More walking:¬†Instead of just walking to bars and restaurants, we set out one Saturday to walk across town. We ended up at Mueller BBQ way on East 7th and Pleasant Valley (that is the same distance as walking from Mopac to 1-35 in downtown Austin), stopped at the new Alta’s cafe on the water and walked the Hike & Bike trail back. Another day we walked to Peter Pan golf! Another day to I-35 on the trail.

One very early morning, we woke up to cheer on Austin Marathon runners at the start line. We walked to the Capitol and found it smothered in fog. I’ve never been to a marathon, and I honestly wouldn’t have driven there and dealt with parking. But, it was a 15 minute walk, and it sounded like a cool, different experience. I’ll be honest, I kinda teared up at how amazing it was to see thousands upon thousands of people, of all different sizes and ages, pushing themselves ¬†to reach a goal.

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Austin Marathon – 7 am with fog engulfing the Texas Capitol

You really do see things in a different way when you walk: I think it’s easier to appreciate the details. Home # 9 stands as the one that really made me start taking notice of the day-to-day beauty in things. The joy that comes from simply smiling at people instead of looking away when you pass them on the sidewalk. Waiting that extra 2 seconds to hold the door open for someone. The beautiful sound of a small water fountain in someone’s yard. The laughing and clinking of glasses at a restaurant…even if you’re not¬†at the table.

This house experience seemed to be a turning point in how I move through my days and appreciate the little things: that’s one ah-ha I plan to always remember.

Onward to our next LifeVenture,
Cierra

Adaptation

This lifestyle has been so eye-opening to the way we, as humans, are wired. I wasn’t set out to learn about myself in this process: really, I wanted to live more in the moment¬†and bring more fun into my life, but I honestly didn’t think much about it being a “learning lesson.”

My "suitcase closet" - My aunt gave me this hanging drawer that easily fits into my suitcase for easy moving.

My “suitcase closet” – My aunt gave me this hanging drawer that easily fits into my suitcase for easy moving.

It took me until the 5th move (about 3 months in) to realize this: no matter the house and neighborhood, within about 2 hours, it started feeling similar to “home.” It didn’t have my furniture I adore; it didn’t have my framed photos I meticulously arranged on every wall; it didn’t even have my precious kitty whom I love, love, love. But it had us.

But during this particular move, I realized it wasn’t just that we had each other. It was that we were adapting to each situation together. Where we hung our jackets, put our keys, and drove home, quickly became habit.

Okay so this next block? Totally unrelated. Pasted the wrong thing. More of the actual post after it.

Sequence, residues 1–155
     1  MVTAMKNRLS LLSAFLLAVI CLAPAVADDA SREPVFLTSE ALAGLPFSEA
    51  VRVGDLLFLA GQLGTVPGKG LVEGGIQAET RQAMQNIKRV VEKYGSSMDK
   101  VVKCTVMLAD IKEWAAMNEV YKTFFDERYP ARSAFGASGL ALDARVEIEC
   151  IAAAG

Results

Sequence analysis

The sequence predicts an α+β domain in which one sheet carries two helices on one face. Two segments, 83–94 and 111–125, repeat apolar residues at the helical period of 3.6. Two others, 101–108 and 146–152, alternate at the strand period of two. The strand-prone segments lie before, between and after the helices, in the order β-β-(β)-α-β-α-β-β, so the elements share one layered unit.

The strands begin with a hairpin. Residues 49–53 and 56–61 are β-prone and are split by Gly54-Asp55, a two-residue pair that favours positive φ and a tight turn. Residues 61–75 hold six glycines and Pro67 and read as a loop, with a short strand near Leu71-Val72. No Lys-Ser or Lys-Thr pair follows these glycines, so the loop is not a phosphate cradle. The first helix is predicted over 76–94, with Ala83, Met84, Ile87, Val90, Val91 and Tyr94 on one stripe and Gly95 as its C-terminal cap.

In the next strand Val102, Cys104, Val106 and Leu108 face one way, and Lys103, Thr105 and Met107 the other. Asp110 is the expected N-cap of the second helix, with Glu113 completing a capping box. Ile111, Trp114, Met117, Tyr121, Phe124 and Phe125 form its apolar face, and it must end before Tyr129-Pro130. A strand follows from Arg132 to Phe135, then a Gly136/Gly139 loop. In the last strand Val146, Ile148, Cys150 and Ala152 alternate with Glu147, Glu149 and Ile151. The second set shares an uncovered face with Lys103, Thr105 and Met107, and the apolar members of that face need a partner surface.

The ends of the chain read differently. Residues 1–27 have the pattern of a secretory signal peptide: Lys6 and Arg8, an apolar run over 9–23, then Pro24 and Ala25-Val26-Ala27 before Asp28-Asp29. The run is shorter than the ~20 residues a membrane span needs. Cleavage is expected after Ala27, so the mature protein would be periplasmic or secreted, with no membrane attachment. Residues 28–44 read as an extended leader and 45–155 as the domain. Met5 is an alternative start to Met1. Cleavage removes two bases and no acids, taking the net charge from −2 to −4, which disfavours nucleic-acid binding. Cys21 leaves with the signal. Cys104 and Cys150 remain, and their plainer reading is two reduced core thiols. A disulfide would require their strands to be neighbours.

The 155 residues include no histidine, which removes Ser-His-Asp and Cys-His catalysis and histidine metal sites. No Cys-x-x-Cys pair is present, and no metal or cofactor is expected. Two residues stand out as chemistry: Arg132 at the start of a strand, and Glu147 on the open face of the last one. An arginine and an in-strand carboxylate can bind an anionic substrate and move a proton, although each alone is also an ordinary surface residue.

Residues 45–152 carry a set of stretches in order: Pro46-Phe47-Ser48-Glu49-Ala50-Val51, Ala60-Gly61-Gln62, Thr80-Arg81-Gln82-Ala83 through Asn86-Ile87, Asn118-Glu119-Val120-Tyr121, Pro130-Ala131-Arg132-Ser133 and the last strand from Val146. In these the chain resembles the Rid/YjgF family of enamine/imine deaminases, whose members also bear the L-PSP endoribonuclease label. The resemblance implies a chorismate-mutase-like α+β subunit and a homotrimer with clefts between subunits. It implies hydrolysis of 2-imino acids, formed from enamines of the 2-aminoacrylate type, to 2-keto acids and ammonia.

This realization of adaption hit me hard in one funny moment of us moving into this house. I had been craving a closet to hang up my¬†clothes – all of these homes had closets, but we weren’t staying long enough to unpack everything to only repack a week later. So, we get to our new MONTH rental home (the longest in this crazy living experience) and we each have our OWN closet. Excitedly, I began unpacking right away. After about 5 minutes, I noticed I was apprehensive about something…even a little sad. There was this pull to stop unpacking and keep everything right where it was. For almost four months, it had a place after all.

I soon realized I didn’t want to unpack because I had to change! How could I uproot this process I’ve created?! After us having a good laugh about the situation, I decided on a combination of keeping some clothes in the suitcase and hanging some.

Such a silly, small example, but it really opened my eyes to how quickly change can become habit.

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I am now getting a different desire to try more things a little out of my comfort zone and see how quickly it becomes familiar. Even small stuff: driving a different way to the office a few times a week or saying “yes” to a party invite where you will not know anyone. Sometimes these uncomfortable situations allow us to experience something quite comfortable … Once we just try it.¬†

I even tried jogging Town Lake! I’ve always felt like runners were in a secret club – you know, a club where they actually like to run,and that I must be doing it wrong because I look like a complete dork. Because we are living across the road from the lake, I decided I should try out this new revelation of getting out of my comfort zone in the running department: I jogged and walked from Deep Eddy pool around to the Lamar Pedestrian Bridge, past my old High School and back to Deep Eddy again. ¬†I actually…. ¬†(Insert gasp) …enjoyed it. I am totally in the club now.¬†

I’d like to think that I’m unique and “boldly going” with our living experience, but I am pretty convinced at this point I’m simply rolling with tide. If I can share anything about this adventure so far, which might be useful to others, is that we humans are pretty damn adaptable.

Getting out of a comfort zone isn’t nearly as terrifying as it seems.

-Cierra

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My run led me to one heck of a view.

Related: Read the other blogs from our LifeVenture.